New Mexico celebrates Arbor Day

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By The Staff

 Residents of New Mexico will celebrate Arbor Day 2009 on March 13. While National Arbor Day is held on the last Friday in April, New Mexico, similar to several other states, observes the holiday at a time best suited for tree planting.

The Arbor Day Foundation encourages everyone to plant a tree to celebrate this special holiday. The Foundation’s Web site (www.arborday.org) offers many helpful tips from how to plant a tree to selecting the right tree for the right place.

New Mexico has nine Tree City USA communities. Tree City USA is sponsored by the Arbor Day Foundation in cooperation with the U.S. Forest Service and the National Association of State Foresters. The program was established to recognize communities that are committed to its trees. More than 120 million Americans live in a Tree City USA community. To see a list of Tree City USA communities, go to www.arborday.org/programs/treeCityUSA.cfm.

The first Arbor Day was celebrated in Nebraska on April 10, 1872, thanks to a resolution proposed by Nebraska City, Neb., resident J. Sterling Morton. Morton, a civic leader, agriculturist, and former newspaper editor, urged Nebraskans to “set aside one day to plant trees, both forest and fruit.” The tree-planting holiday was so popular that by 1920, more than 45 states and U.S. territories annually celebrated Arbor Day. Today, Arbor Day is observed in all 50 states and in many countries around the world.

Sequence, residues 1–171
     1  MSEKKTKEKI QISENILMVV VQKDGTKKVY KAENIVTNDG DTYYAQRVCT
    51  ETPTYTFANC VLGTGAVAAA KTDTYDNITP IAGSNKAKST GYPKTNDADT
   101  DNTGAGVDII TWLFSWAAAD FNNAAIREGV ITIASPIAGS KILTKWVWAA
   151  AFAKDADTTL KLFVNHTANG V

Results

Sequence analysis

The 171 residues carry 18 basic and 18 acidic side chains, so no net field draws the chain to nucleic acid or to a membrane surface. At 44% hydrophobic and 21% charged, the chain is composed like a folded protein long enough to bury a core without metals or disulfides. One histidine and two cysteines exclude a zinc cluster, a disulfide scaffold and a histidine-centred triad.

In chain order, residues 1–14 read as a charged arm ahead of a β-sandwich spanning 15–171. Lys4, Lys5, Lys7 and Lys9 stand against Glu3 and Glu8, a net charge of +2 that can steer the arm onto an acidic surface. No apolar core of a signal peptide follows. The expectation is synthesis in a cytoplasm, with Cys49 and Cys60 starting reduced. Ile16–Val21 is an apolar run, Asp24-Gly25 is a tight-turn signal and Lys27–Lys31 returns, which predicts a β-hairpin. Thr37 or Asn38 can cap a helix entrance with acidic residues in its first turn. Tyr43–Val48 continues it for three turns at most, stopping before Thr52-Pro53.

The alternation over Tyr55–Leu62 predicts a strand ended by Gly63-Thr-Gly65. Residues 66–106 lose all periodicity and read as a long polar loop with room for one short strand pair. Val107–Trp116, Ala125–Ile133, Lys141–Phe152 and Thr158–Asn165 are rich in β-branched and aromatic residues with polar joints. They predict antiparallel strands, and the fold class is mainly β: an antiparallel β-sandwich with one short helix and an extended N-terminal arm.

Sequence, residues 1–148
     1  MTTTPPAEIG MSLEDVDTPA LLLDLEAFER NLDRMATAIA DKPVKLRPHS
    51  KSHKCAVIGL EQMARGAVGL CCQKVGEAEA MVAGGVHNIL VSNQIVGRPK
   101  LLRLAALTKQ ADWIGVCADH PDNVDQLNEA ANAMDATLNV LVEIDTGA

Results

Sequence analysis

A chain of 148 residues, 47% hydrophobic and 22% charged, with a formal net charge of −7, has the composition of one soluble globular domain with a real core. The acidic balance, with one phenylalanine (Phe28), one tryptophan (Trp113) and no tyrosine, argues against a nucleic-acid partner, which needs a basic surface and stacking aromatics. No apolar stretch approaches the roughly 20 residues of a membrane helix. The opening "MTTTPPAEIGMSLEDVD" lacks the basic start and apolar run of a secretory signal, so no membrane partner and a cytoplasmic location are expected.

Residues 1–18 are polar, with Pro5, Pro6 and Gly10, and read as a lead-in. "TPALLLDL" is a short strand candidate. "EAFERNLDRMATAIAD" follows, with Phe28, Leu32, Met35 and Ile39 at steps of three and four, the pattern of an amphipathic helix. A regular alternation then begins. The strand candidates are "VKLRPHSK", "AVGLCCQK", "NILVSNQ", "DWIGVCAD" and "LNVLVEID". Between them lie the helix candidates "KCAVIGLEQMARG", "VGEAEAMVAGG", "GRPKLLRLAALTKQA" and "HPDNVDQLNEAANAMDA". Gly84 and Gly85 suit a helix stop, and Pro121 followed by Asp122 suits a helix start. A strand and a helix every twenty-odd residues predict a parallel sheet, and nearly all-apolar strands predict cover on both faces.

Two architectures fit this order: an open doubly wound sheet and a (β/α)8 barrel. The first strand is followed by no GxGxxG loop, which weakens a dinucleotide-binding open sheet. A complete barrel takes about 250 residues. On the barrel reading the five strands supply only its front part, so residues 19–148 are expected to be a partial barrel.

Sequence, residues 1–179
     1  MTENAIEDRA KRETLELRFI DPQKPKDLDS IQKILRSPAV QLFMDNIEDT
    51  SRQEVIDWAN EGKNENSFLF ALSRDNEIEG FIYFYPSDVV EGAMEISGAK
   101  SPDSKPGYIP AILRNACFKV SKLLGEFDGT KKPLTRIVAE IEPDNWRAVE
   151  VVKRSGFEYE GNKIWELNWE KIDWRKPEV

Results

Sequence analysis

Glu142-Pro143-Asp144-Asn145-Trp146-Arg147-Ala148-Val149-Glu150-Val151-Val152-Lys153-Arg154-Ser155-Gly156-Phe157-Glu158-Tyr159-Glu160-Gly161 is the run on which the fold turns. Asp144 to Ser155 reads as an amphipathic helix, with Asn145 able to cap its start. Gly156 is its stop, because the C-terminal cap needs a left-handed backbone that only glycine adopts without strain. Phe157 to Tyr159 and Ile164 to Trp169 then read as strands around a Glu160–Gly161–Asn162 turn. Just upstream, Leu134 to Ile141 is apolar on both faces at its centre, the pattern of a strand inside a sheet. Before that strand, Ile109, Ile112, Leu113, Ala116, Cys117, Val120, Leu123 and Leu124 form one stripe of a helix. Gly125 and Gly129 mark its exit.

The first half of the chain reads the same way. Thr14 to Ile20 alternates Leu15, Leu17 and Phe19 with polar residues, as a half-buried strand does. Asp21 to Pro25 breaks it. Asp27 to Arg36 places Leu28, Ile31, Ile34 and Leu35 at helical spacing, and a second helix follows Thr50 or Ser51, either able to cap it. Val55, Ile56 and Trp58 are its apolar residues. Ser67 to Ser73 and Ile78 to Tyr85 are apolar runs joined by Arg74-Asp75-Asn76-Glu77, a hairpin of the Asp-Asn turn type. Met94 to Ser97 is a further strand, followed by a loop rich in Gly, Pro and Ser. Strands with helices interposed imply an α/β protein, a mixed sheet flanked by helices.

The Pinon tree, Pinus edulis, was adopted as New Mexico’s state tree in 1949 by The New Mexico Federation of Women’s Clubs. A historic favorite, this small tree grows over much of the state. Sixteenth century explorers made note of this nut bearing tree and archeologists have found evidence of the nuts in the cliff dwellings and in ancient Native American pueblos. The nuts from this slow growing tree are a local and national favorite, and its wood is often used as fuel, causing a fragrant perfume as it is used for heat or cooking. The tallest Pinon tree recorded is in Cuba, N.M., reaching 51 feet. This kind of growth is very uncommon as it takes hundreds of years to grow up to 30 feet.

The Arbor Day Foundation is a nonprofit conservation organization of nearly 1 million members, with a mission to inspire people to plant, nurture, and celebrate trees. More information on the Foundation and its programs or ways to celebrate Arbor Day can be found at www.arborday.org.